The terrestrial body is not the only River of Lethe, plunged into which, as Plotinus says, the soul forgets all, but Devachan partakes of the same nature, for in that blissful state the celestial body with which the soul is united causes it to lose sight utterly of the painful events and thoughts of the past life. Although the real cause of Devachan is ignorance of the higher ego, yet in our present state of evolution it is a necessary and desirable experience; we see how necessary by the very fact -- a profound mystery to physiology -- that to keep going and preserve sanity the higher ego has to abandon its communication with the body for a large part of each twenty-four hours. The higher ego never entirely quits the spiritual realms, and although the materials used by the imagination in Devachan with which to build its ideal life are only derived from the most sublimated thoughts and acts of the past incarnation, yet the totality of events of that and all the previous lives is indelibly recorded so that when real self-knowledge arrives the veil will fall and access be gained to the records, and the course of evolution be plainly seen. We are taught that the soul is able to look back with purified sight a little way into the past as it re-enters earth-life. It then sees the causes that have led it irresistibly to the new incarnation, good or bad, and recognizes the justice of karma; it takes up the cross again with willingness.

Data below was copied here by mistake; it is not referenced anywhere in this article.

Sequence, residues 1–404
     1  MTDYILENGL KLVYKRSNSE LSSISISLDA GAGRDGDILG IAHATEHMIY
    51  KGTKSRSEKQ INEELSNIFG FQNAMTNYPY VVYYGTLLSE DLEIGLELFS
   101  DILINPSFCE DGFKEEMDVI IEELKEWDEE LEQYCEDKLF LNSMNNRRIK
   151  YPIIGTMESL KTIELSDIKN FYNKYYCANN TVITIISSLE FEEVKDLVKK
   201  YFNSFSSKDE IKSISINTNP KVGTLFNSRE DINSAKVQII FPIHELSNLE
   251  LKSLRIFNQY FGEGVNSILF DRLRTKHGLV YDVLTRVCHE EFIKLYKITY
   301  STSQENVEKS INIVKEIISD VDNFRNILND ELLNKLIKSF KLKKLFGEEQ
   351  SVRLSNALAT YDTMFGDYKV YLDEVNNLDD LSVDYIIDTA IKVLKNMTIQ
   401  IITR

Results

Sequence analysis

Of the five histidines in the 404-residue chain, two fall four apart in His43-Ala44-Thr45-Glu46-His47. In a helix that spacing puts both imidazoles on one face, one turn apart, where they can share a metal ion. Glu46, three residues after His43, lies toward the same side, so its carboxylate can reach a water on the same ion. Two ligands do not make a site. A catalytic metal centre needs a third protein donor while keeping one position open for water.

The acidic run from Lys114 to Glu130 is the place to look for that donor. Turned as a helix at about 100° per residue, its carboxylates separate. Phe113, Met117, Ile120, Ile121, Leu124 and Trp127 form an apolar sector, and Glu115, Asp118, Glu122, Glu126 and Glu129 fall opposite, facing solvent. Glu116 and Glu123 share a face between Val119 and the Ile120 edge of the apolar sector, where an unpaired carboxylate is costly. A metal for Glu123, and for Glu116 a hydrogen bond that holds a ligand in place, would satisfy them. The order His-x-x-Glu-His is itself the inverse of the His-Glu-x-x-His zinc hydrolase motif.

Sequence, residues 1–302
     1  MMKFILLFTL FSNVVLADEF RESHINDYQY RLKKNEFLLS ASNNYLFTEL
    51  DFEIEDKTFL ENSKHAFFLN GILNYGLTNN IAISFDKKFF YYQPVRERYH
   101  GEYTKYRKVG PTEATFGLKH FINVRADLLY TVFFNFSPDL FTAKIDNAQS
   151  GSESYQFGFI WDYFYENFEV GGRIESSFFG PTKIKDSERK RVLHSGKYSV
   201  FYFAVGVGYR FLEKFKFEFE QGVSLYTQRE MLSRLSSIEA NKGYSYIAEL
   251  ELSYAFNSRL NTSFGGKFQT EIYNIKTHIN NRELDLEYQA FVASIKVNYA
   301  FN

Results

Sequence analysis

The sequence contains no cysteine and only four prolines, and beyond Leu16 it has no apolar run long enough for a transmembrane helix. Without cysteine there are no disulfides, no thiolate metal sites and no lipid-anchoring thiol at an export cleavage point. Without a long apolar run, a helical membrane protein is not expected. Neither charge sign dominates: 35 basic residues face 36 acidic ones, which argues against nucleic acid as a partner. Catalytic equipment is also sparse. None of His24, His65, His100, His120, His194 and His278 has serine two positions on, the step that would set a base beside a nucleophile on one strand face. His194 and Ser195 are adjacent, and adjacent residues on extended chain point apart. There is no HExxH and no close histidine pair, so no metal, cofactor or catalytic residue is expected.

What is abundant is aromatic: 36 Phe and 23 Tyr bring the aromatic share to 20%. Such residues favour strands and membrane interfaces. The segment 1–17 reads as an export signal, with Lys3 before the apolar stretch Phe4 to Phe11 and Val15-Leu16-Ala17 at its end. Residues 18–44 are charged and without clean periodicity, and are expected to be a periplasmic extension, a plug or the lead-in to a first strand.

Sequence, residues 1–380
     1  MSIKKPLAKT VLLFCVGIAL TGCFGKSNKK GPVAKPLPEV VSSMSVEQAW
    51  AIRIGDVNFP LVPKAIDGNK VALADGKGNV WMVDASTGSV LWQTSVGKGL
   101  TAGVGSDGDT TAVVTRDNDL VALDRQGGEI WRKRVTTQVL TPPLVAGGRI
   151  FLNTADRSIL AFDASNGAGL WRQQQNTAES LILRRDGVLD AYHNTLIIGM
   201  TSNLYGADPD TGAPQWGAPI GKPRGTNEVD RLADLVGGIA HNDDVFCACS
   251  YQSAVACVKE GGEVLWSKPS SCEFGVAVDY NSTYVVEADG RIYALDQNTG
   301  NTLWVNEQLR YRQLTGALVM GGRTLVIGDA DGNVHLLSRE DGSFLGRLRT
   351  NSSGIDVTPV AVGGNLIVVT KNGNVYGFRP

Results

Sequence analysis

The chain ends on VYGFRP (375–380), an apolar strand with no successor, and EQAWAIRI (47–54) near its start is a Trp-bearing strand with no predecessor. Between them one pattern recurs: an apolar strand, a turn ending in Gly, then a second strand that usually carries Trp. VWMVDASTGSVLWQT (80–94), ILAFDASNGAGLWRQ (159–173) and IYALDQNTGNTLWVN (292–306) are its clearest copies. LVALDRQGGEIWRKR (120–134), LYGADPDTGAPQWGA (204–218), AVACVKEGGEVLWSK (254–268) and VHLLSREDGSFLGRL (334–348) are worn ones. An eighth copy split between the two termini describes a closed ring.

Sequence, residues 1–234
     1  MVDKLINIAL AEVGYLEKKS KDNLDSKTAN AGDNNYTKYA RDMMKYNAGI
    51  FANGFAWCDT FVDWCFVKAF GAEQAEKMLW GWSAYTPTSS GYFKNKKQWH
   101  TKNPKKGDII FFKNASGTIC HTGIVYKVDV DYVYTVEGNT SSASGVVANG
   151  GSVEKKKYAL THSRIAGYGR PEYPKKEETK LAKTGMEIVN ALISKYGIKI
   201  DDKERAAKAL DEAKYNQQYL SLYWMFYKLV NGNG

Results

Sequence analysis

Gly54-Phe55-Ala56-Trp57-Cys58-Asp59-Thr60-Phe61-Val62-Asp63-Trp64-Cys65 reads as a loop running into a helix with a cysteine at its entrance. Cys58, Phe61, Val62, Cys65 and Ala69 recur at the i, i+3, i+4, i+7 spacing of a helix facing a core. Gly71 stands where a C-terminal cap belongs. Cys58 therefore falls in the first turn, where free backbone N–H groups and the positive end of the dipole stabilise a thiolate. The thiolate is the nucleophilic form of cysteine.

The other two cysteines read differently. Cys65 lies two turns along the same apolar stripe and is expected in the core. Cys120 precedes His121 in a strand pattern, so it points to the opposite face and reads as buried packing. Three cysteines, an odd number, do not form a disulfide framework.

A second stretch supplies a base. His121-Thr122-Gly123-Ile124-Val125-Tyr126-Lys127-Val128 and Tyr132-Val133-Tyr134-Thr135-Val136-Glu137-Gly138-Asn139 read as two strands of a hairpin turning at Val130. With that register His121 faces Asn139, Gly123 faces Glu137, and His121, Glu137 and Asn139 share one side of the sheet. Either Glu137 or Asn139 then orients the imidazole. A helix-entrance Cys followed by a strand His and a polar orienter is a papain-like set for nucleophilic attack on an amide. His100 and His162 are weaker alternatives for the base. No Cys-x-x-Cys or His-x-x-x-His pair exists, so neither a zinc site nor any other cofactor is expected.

H. P. Blavatsky says: "Devachan is a spiritual gestation within an ideal matrix state," and as we emerge from it into the light of earthly day, complete in all our potentialities for good or evil, we again have the opportunity of keeping the simplicity of the spiritual life. Of all the poets, Wordsworth has given us in his Intimations of Immortality the most inspired vision of preexistence in the Devachanic state. In the haunting sweetness of his word-picture we catch evanescent glimpses of that which we have lost: